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From:
Subject: Re: [DNA] First Neolithic Y-DNA published
Date: Fri, 12 Nov 2010 01:43:32 +0000 (UTC)
In-Reply-To: <mailman.371.1289426695.2059.genealogy-dna@rootsweb.com>


From: Dienekes Pontikos


>The evidence for R1a is contradictory, with modern populations suggesting

>a South Asian origin, while its presence in Kurgan-related steppe

>groups suggests a European origin.



>As for Dr. Klyosov's theory that R1b is "Turkic", I believe that's
>largely based on the R-M73 in Uygurs, and I consider it to be highly
>improbable and lacking in parsimony.



Dear Dienekes,



There is nothing "contradictory" regarding R1a origin based on data available today. There is nothing to suggest "a European origin" of R1a1. There are simply no such data. If you (or anyone else) disagree, I would love to see data convincingly pointing at the "European origin of R1a1". I bet there are no such data, just empty talks.  



Yes, indeed, most of European R1a1 are originated around 4,800 ybp (there are close to 20 distinct "branches" of R1a1 in Europe by now) from a common ancestor in East European Plain, however, the root of R1a1 is located in the Altai region (with adjacent current Russian, Mongolian, Kyrgizian, Tibetan and Chinese territories) around 21,000 ybp. The first findings were published in J. Genet. Geneal. (2009) and lately were confirmed by analysis of Zhong et al. data on East Asian R1a1 haplotypes (Mol. Biol. Evolution, 2010). Those Altai R1a1 base (ancestral) 8 marker haplotypes differ from European base haplotype by as many as 7 mutations, which places their common ancestor at about 21,000 ybp. Besides, the Altaian, Mongolian, and Chinese R1a1 hapotypes belong to a ancient R1a1 subclade compared to Indian, Pakistani, Central Asian, Turkey, and European R1a1 haplotypes. This analysis has just escaped attention of English-speaking readers, but it continues to be published in Russian in the Proceedings of the Russian Academy of DNA Genealogy, along with multiple haplotype R1a1 (and R1b1) trees an their detailed consideration.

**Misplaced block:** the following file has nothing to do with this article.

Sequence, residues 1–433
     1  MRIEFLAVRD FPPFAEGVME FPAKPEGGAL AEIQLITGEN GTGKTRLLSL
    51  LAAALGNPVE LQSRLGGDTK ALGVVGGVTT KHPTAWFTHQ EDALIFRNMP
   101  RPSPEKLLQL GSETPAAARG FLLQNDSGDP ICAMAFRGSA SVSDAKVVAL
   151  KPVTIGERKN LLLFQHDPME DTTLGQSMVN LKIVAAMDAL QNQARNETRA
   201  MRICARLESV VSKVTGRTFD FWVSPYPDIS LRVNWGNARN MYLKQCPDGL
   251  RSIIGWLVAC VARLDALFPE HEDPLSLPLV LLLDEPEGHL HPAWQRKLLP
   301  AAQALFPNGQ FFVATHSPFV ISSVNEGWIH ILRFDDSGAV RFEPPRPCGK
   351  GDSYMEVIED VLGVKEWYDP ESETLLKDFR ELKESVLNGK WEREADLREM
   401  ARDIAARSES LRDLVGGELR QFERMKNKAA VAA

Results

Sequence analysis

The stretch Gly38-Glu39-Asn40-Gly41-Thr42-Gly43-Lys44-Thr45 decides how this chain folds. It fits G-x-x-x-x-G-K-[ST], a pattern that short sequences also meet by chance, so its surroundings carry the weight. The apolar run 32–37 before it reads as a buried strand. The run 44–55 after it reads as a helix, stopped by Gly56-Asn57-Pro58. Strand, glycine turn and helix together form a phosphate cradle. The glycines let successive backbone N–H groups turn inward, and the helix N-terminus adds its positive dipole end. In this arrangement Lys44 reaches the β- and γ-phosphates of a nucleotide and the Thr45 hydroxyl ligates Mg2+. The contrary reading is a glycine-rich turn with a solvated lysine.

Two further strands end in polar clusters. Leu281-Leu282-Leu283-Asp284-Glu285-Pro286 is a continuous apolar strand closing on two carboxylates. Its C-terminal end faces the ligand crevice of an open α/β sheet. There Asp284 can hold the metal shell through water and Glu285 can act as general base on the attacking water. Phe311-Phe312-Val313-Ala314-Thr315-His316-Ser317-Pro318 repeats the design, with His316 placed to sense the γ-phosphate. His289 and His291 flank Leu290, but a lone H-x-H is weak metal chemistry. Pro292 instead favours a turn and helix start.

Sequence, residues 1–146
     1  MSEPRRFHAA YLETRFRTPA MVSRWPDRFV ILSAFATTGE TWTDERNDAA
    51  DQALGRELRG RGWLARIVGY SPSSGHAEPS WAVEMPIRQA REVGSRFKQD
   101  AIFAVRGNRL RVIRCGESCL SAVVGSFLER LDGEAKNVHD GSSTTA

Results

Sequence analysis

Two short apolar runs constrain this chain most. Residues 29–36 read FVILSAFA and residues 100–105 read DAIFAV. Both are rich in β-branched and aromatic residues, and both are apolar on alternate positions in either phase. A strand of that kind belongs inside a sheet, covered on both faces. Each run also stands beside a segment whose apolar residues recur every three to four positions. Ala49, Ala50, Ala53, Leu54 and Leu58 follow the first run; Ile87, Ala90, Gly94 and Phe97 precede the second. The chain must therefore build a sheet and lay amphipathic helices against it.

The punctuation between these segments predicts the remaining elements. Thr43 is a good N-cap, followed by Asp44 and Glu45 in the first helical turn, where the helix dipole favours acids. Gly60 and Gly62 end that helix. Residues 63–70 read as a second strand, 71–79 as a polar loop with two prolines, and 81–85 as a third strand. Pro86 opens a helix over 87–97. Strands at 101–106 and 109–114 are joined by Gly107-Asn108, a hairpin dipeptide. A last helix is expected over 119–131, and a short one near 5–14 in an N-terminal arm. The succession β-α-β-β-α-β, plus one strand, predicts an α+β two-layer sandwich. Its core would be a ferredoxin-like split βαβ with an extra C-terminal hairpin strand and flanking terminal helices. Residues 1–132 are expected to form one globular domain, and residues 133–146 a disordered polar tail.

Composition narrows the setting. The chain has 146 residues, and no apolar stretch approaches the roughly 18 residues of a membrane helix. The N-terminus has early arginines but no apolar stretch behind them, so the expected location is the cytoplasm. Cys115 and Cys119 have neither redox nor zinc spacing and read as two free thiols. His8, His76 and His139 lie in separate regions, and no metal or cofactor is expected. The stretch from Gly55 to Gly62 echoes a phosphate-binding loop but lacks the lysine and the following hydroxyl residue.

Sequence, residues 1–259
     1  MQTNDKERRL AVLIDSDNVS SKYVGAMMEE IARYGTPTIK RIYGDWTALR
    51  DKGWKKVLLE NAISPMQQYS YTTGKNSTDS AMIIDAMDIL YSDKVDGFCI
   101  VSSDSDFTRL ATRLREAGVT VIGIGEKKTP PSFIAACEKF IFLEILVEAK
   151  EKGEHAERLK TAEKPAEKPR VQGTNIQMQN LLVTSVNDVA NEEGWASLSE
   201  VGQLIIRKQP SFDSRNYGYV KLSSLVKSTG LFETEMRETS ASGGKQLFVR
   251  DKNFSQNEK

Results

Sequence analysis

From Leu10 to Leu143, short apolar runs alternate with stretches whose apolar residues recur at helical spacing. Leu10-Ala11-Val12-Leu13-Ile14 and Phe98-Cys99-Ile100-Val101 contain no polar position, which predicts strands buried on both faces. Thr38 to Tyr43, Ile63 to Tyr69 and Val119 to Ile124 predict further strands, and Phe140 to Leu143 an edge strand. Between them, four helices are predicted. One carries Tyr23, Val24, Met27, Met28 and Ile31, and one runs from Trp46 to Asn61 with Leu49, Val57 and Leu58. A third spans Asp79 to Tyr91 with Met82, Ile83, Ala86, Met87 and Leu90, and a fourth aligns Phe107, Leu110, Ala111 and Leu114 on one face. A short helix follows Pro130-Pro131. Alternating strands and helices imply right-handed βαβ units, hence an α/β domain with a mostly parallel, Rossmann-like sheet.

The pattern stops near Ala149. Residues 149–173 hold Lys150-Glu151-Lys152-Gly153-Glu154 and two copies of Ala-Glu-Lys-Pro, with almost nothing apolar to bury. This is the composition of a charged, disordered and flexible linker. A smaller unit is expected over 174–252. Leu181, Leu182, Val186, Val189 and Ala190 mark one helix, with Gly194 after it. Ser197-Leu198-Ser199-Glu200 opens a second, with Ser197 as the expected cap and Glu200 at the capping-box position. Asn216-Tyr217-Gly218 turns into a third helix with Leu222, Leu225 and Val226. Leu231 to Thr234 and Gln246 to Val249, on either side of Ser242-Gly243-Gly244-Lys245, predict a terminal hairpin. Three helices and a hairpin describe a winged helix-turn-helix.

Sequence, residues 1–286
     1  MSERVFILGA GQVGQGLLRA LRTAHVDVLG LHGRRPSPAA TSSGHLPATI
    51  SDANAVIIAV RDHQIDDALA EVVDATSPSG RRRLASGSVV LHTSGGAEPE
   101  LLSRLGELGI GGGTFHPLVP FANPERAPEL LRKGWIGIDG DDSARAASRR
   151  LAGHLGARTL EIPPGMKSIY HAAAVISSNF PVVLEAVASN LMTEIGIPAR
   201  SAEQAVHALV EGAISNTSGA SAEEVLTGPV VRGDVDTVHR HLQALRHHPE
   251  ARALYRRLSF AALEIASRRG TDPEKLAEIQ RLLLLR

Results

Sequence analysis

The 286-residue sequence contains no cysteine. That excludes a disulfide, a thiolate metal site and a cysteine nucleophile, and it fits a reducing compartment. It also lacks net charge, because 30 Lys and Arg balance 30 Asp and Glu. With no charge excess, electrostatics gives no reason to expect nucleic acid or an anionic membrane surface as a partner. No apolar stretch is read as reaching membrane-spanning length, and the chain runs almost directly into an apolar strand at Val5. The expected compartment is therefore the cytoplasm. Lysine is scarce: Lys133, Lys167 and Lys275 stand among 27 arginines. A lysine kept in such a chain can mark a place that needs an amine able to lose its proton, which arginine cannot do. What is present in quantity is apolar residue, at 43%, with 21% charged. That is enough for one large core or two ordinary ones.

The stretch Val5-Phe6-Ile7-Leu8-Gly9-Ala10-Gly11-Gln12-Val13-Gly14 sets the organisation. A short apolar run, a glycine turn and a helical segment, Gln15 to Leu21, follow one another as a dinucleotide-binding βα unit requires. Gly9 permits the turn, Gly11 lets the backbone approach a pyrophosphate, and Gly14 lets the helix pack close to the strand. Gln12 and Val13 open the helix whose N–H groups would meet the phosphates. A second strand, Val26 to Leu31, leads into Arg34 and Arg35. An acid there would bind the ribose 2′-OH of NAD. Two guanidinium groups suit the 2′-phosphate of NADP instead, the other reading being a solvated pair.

As to your second remark, I have no idea where on Earth you got it. Apparently, the word "Turkic" has many prejudices attached, which in turn distorts the vision. Call it "Eurasian Paleolithic" origin of R1b1, as well as their "Eurasian Paleolithic" language. It is better now, isn't it? Uygurs are vaguely (if at all) related there, I am not sure if I even have mentioned Uygurs in that context. The thing is that R1b1 (originated around 16,000 years bp a the same Altai region) migrated over many millennia from there across Central Asia, Middle Volga, the Caucasus, Anatolia, Middle East (Shumers?), North Africa (including Egypt) to the Atlantics, entered Iberia around 4800 ybp and as the Beaker Culture moved to the Continent and further on spread over Central and Western Europe and the Isles. All their migration path is the area of agglutinative non-Indo-European language  (including Turkic Tartars, Chuvash, Bashkirs, et al, some of them have VERY archaic turkic language, then North-Caucasian non-IE languages, than non-IE languages of Anatolia and adjacent regions, Sumerian, Basques, etc.).



I am merely suggesting to look at those non-IE languages peppering the path of R1b1 migration as remnants of ERBIN (R1b) languages in their dynamics.



Regards,



Anatol Klyosov                         


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